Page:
We’ve been closely watching the UK, which has recently begun trying to make evidence-based mental health treatment more readily available to its citizens. The UK is far ahead of the U.S. in trying to implement an evidence-based agenda for mental health care, and ahead of many other countries as well. Back in 2004, the UK’s Lord Layard recommended increased use of Cognitive Behavior Therapy (CBT) to respond to the UK’s mental health needs. Providing evidence-based care is an effective and economical way to ensure that citizens receive a form of treatment that is clinically demonstrated to actually help. Layard points out that improving citizens’ access to evidence-based mental health treatment will help alleviate their mental health problems, and will also help many who are receiving “incapacity benefits” (disability benefits) due to mental health problems get back to work. Everyone wins in this situation — those with mental health problems get better care, and the UK’s costs in paying out incapacity benefits will go down as more citizens return to work.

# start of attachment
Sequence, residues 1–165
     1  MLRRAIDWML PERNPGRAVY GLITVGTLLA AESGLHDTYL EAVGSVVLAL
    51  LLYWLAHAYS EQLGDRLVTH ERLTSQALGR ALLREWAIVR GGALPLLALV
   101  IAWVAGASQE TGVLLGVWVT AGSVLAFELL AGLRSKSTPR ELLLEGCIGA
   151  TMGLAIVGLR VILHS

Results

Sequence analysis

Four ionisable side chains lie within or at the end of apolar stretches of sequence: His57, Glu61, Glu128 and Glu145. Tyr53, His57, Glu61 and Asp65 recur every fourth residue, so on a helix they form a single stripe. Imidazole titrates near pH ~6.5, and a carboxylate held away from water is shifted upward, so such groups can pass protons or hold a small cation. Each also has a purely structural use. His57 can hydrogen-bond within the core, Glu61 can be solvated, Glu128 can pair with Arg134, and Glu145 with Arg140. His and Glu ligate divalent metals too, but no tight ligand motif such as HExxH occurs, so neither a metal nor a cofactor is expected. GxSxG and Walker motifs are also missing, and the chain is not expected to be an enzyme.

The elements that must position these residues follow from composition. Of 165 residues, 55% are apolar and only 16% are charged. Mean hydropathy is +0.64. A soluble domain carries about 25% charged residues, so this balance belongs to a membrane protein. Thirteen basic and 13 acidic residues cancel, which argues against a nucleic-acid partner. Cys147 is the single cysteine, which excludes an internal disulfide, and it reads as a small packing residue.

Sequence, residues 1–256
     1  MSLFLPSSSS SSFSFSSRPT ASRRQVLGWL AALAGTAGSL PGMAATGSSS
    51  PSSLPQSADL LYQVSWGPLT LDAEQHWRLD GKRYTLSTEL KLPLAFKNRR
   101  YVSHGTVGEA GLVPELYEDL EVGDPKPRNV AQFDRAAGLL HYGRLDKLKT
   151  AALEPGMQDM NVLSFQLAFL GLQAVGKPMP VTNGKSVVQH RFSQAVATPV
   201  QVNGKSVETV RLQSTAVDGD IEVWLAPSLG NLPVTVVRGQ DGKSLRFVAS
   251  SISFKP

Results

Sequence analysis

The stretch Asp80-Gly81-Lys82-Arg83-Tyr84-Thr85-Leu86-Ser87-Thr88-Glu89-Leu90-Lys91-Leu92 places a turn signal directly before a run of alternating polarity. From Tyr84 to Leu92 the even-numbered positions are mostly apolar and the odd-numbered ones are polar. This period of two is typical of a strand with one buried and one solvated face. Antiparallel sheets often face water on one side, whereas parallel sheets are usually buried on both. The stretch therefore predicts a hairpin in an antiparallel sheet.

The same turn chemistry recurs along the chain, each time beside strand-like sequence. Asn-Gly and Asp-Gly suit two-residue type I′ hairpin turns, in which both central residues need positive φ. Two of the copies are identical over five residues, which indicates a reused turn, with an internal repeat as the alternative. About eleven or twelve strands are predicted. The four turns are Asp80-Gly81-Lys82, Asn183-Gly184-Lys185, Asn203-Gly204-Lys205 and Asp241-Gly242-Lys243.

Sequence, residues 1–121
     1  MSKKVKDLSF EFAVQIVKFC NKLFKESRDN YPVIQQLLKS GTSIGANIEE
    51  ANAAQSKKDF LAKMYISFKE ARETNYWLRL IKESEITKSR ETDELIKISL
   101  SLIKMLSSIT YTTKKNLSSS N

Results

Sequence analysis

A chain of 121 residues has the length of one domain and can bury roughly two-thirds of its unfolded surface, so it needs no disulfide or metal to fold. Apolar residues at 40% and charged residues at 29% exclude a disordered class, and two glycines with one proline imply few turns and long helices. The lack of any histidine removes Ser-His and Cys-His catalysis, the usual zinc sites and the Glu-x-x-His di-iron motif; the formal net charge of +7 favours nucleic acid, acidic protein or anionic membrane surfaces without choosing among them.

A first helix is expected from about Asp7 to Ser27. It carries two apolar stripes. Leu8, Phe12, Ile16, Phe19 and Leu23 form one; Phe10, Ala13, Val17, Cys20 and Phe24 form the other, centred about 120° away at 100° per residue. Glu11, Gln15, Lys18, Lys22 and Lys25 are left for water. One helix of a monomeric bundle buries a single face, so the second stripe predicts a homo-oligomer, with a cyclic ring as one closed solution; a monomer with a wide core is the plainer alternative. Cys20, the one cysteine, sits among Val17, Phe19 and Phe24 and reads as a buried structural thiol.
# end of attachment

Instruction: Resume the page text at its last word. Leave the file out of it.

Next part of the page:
Now, in 2006, the UK is beginning to move towards its goals by initiating a pilot program to improve citizens’ access to evidence-based treatment, including CBT.